Frans Pretorius

2013 Regional Award Winner — Faculty

Frans Pretorius

Current Position:
Professor of Physics

Princeton University

Astrophysics & Cosmology

Recognized for: Contributions to numerical relativity, including the solution of the collision and merger of two black holes

Areas of Research Interest and Expertise:  General relativity, black holes, gravitational waves, scientific computation

Frans Pretorius


PhD, Physics, University of British Columbia, Vancouver, British Columbia
MSc, Physics, University of Victoria, Victoria, British Columbia

Frans Pretorius’ research interests are focused on the theory of general relativity and its applications to astrophysics and cosmology. In 2005, he solved one of the fundamental problems in Einstein's theory of general relativity, the collision of two black holes, which for decades was regarded as unsolvable. Dr. Pretorius developed a novel mathematical reformulation of Einstein’s equations, created the necessary computational infrastructure, and obtained a numerical solution for this problem. His other major contribution relevant to both relativity and particle physics is describing the instability of the so-called black string, a higher dimensional analogue of a black hole.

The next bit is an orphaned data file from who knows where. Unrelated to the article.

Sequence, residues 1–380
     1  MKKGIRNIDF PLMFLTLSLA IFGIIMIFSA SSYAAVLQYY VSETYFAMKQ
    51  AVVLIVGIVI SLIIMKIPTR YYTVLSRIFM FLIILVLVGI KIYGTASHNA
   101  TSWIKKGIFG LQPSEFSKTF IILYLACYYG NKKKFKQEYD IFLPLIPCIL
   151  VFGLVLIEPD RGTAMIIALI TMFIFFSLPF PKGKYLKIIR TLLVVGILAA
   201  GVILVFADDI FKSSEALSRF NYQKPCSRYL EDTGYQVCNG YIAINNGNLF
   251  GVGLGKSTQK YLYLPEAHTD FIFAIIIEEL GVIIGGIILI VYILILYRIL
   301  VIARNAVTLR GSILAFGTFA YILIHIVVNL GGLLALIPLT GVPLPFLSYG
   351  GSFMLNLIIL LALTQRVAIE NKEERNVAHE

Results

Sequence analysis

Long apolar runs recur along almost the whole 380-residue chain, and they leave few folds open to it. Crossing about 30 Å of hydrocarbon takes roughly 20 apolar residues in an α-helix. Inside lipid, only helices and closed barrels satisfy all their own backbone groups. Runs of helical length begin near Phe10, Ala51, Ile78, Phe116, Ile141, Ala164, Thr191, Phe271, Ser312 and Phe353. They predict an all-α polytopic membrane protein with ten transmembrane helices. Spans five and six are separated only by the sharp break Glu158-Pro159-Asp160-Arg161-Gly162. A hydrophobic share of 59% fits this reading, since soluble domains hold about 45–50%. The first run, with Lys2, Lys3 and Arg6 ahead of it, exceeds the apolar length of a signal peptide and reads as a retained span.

Pretorius’ current research includes modeling sources of gravitational wave emission, such as the merger of binary compact objects, e.g., binary black holes, neutron stars, or black hole – neutron star systems. In theoretical physics, Pretorius studies gravitational collapse, ultra-relativistic particle collisions, higher dimensional black holes, spacetime singularities, and general relativistic applications of the gauge/gravity duality of string theory.

“My long term goal is to understand the nature of gravity in the most extreme environments, where space and time becomes so distorted that black holes form.”

Key Publications:

  1. Stephens BC, East WE, Pretorius F. Eccentric black hole-neutron star mergersAstrophys J. 2011;737:L5.
  2. Choptuik MW, Pretorius F. Ultrarelativistic particle collisionsPhys Rev Lett. 2010;104(11):111101.
  3. Pretorius F. Binary black home coalescence. In: Colpi et al., editors. Relativistic Objects in Compact Binaries: From Birth to Coalescence. New York: Springer-Verlag; 2009. p. 305-369.
  4. Pretorius F. Evolution of binary back hole spacetimes.Phys Rev Lett. 2005;95(12):121101.

Other Honors:

Simons Investigators Award, Simons Foundation, 2012
Aneesur Rahman Prize for Computational Physics, American Physical Society, 2010
NSF CAREER Award, 2008
Alfred P. Sloan Fellowship, 2007